Mr. Clifton cites the successful efforts of biotech companies to help water down proposals to lower prescription drug prices as an example of Strategas Global Policy Opportunities ETF’s investment thesis.

The pre-existing policy opportunities portfolio has had a disappointing performance in recent years, undershooting the S&P 500 every year since 2018.

Mr. Clifton attributes this in part to its sectoral tilts, namely its low exposure to technology stocks and overweighting of pharma and defence, which have not been helpful in recent years.

He also cites the geopolitical hurdles that frustrated lobbyists’ efforts to limit the impact of then-president Donald Trump’s trade tariffs in 2018.

The ETF’s thesis may raise eyebrows, though.

“If corporate lobbying spend can be tracked to excess profits, I think that does raise some questions for that particular company or industry,” says Kenneth Lamont, senior fund analyst for passive strategies at Morningstar Inc.

Nevertheless, Mr. Lamont says it was “not the only ETF that has strayed into a moral or an ethical grey area,” citing the B.A.D ETF BAD-A, which invests in gambling, alcohol and drugs as another example.

Todd Rosenbluth, head of ETF and mutual fund research at CFRA Research, says despite the belief held by some that “government policy should be done on behalf of the people without corporate interest,” he did not think most investors or Americans at large viewed the practice as unethical.

Mr. Rosenbluth draws allusions to Democratic Large-Cap Core Fund DEMZ-Q and the Point Bridge GOP Stock Tracker ETF MAGA-A, which invest in companies supportive of Democrat and Republican candidates, respectively, but adds that Strategas Global Policy Opportunities ETF was at least “playing on both sides of the aisle, so you don’t have to be politically affiliated to one or the other to invest in it.” Moreover, it offers a portfolio “you are not going to find elsewhere.”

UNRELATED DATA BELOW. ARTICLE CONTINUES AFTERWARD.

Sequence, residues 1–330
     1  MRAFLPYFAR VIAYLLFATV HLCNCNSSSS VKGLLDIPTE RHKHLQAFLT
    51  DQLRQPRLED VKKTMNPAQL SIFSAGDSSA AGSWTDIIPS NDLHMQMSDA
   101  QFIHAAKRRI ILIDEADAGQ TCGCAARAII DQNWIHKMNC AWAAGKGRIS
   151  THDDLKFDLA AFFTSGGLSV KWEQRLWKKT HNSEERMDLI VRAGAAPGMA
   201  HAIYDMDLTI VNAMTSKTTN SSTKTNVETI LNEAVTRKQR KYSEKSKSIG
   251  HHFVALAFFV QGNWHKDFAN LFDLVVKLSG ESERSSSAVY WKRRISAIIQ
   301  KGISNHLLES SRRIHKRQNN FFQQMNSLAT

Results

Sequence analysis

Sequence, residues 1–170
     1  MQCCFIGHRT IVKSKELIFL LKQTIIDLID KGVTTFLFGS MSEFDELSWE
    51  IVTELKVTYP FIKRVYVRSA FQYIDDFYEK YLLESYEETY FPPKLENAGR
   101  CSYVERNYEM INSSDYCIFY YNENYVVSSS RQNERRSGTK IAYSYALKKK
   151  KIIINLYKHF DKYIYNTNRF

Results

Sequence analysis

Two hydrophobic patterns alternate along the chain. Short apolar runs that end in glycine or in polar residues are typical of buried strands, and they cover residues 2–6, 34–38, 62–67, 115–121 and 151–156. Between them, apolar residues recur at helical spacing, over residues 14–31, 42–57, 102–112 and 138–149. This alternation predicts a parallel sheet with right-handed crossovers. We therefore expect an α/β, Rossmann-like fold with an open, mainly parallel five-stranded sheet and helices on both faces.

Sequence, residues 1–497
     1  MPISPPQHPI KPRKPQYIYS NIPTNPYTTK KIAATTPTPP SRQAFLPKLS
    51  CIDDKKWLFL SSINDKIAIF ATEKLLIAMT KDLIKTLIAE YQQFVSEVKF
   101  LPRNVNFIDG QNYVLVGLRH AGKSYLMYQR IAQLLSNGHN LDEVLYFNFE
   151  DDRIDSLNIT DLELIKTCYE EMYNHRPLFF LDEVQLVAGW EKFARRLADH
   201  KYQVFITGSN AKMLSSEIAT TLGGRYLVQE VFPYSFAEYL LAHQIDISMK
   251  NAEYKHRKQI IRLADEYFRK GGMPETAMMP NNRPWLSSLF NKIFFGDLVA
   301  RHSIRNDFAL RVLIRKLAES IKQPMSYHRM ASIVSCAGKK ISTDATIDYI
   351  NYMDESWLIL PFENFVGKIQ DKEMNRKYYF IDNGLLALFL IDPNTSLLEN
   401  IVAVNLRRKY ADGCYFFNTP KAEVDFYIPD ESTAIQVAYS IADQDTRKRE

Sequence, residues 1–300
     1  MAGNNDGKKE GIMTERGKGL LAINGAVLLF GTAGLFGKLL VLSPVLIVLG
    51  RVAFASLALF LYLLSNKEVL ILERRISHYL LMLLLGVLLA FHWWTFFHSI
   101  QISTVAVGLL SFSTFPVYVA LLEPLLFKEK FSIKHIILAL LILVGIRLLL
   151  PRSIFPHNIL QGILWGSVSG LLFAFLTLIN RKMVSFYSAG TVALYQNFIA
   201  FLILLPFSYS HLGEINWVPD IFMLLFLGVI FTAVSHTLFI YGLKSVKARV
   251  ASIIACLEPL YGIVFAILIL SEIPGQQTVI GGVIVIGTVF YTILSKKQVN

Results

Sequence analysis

Still, Nathan Geraci, president of the ETF Store, a financial advisor in Kansas, says Strategas Global Policy Opportunities ETF’s challenge “will be overcoming any perception of partisanship or political tie-ins.”

“Corporate lobbying inevitably becomes intertwined with politics and thus can become emotionally charged at times. Most advisors prefer not mixing politics with portfolios for just that reason.”

Mr. Geraci also notes that EventShares US Legislative Opportunities ETF, which focused on stocks its managers believed would gain from changes in government policy and regulation, closed down in August 2020 with assets of just US$23-million.

“Ultimately, the success of this ETF will hinge on performance and marketing itself as entirely politically neutral,” he adds.

Mr. Clifton says he could “understand that people would say this is bad, it feels dirty,” but defended both corporate lobbying and his fund.

“The beauty of the American system is that everybody is involved. NGOs, labour unions ... I would argue there might be more power on that side than on the corporate side,” he says.

“We believe in lobbying. It helps avoid mistakes. If you are not at the table, you are going to be on the menu.”

As for Strategas Global Policy Opportunities ETF, “we don’t make the rules,” Mr. Clifton says, “we just figured out there was alpha there.”